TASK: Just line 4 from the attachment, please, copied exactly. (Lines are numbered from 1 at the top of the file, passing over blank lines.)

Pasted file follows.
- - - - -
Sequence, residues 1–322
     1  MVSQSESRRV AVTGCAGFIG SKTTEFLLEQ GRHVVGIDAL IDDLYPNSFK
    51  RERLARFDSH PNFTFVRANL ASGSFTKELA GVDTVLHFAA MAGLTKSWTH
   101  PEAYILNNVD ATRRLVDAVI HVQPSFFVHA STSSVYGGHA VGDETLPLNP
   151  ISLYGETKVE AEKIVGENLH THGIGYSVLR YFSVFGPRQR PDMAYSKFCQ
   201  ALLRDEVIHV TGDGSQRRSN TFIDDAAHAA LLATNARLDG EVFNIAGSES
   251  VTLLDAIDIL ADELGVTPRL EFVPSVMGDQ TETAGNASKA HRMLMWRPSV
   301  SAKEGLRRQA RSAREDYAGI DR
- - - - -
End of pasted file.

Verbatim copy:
   101  PEAYILNNVD ATRRLVDAVI HVQPSFFVHA STSSVYGGHA VGDETLPLNP